Currently, many wind farms around Georgian Bay has already been built and the nearby transmission lines also provide support for the development of wind energy. It’s reasonable to consider Georgian Bay’s shoreline as a potential hotspot for wind energy in the climate change context. As for James Bay, the wind energy potential there is abundant and would keep increasing in the future projections. There is also transmission line connecting hydropower stations at Abitibi River and Mattagami River. But the extreme weather in this region, the cold weather specially, must be solved technically before initiate any wind farm project. In a cold climate, icing represents one of the biggest challenges to the operation of wind turbines. Wind turbines must be able to sustain at least limited icing without incurring damage that would prevent normal operation.

The above finding also suggests offshore wind farm as an alternative regarding the increasing wind energy potential above the water surfaces over Georgian Bay and James Bay. While offshore wind energy is undergoing rather rapid global growth, Canada does not yet have any offshore wind facilities installed. However, the potential resources for this technology in Canada are amply at present and in the projected future. Although offshore wind turbines can be more costly to install and operate, they offer several distinct advantages over their onshore counterparts: (1) in general, they can be installed closer to coastal urban load centers, where most electrical energy demand exists, (2) offshore winds are faster and more consistent at lower vertical heights due to the reduced surface roughness over the ocean (Manwell et al., [2009]), and (3) offshore turbines and components are not limited by roadway shipping constraints, so higher capacity turbines can be installed.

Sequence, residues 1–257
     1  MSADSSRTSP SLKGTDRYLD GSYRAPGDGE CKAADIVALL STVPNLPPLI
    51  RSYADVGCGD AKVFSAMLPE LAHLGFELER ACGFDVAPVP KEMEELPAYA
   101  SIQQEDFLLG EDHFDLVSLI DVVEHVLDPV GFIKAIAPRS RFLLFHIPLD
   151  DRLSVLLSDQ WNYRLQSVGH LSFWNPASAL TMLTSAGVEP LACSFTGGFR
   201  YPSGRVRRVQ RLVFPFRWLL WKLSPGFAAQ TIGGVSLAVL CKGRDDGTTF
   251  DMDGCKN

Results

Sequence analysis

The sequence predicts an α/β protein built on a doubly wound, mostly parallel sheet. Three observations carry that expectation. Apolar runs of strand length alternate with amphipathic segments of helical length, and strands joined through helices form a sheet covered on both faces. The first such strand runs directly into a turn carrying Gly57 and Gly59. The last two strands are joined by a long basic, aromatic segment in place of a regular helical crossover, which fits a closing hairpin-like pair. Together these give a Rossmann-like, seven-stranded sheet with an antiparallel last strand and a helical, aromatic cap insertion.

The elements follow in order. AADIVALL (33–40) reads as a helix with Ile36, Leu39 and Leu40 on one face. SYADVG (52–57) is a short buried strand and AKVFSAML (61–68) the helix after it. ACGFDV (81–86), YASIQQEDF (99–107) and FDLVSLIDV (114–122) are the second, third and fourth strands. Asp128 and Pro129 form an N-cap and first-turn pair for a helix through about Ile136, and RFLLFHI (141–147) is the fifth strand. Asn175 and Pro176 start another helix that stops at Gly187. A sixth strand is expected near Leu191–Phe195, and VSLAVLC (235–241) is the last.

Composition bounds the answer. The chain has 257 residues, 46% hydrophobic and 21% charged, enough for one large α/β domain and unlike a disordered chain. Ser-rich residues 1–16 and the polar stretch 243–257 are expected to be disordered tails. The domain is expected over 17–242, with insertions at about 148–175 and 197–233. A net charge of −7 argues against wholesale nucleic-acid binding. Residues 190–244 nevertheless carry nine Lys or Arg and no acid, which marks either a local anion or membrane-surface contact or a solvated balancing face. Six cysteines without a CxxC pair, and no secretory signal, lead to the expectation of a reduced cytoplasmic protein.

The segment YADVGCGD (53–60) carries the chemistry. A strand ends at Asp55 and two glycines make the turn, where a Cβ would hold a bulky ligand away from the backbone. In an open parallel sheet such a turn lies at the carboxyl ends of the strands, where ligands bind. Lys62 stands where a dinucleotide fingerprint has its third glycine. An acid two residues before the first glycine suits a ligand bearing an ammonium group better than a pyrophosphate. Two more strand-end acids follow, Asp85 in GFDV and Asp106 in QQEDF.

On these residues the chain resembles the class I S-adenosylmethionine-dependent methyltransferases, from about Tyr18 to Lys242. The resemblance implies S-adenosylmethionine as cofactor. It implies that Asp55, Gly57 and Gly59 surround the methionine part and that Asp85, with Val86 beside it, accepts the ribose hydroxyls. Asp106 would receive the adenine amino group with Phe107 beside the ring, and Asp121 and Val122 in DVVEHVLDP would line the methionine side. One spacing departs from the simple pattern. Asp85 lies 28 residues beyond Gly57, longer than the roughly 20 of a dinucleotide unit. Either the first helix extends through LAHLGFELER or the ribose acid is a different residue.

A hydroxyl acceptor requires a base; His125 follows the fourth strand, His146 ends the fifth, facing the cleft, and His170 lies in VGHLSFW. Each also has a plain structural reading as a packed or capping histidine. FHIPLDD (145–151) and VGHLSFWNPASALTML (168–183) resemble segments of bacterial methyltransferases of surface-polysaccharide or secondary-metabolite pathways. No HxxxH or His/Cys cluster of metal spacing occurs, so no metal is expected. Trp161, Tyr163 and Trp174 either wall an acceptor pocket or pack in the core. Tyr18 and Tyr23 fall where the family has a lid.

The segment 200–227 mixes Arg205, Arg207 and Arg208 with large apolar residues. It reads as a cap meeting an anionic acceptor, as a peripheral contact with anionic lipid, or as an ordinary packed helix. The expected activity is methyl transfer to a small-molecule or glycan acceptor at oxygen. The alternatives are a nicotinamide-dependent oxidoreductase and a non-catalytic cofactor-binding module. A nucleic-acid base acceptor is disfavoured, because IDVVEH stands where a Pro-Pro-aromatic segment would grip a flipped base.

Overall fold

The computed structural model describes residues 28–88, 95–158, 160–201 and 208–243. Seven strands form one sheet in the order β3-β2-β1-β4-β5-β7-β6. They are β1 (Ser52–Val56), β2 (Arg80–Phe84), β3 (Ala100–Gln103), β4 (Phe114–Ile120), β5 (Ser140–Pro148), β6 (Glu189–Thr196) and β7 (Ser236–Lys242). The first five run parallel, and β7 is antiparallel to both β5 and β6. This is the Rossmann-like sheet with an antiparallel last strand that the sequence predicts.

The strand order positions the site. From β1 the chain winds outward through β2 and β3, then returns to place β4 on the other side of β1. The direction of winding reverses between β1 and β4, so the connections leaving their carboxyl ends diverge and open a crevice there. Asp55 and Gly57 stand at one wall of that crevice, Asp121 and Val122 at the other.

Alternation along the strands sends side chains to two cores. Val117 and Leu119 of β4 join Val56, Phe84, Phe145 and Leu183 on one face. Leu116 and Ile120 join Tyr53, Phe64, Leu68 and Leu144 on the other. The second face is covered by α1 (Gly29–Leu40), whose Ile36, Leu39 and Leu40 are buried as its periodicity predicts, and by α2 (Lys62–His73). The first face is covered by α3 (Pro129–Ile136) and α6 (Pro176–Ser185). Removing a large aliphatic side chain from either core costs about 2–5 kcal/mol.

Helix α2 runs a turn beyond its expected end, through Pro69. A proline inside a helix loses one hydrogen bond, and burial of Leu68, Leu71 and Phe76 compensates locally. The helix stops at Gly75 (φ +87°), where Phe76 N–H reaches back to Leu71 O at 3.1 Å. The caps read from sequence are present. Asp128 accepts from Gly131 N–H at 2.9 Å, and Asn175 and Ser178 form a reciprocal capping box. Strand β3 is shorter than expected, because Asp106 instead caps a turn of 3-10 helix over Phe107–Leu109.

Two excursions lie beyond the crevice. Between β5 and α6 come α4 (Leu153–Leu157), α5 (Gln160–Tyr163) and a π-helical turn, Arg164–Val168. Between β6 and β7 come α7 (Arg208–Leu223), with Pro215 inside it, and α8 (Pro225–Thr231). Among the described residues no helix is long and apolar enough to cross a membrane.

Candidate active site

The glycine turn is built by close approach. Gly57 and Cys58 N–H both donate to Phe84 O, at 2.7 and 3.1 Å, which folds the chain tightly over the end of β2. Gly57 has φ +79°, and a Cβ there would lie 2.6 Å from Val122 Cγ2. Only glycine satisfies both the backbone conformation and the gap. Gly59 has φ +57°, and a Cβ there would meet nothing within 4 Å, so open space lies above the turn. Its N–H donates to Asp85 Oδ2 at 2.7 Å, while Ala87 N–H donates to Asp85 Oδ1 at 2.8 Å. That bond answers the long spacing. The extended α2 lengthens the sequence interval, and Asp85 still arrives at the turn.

The results corresponding to the objectives are as follows: a) The spatial pattern of wind speed was similar between PRECIS simulation (1961–1990) and Canadian Wind Energy Atlas. The mean absolute difference of the mean wind speed between PRECIS simulation, Wind Energy Atlas and the observed data were 0.73 and 0.84 m/s respectively, indicating a successful climate simulation. b) The PRECIS simulation (2071–2100) suggested decreasing wind speed over the populated southern Ontario relative to the baseline period. These changes would be more intense in the A2 than in B2 scenario, and lead to statistically significant differences in the grid cell mean wind speed. c) Based on case studies around Erie Shores, James Bay and Georgian Bay, it was showed that the changes of wind power production may not be in proportion to the changes of average wind speed, due to the possible variations of wind speed distribution. It would be reasonable to develop onshore or offshore wind energy industry around Georgian Bay and James Bay, considering the projected increasing wind speeds within these areas.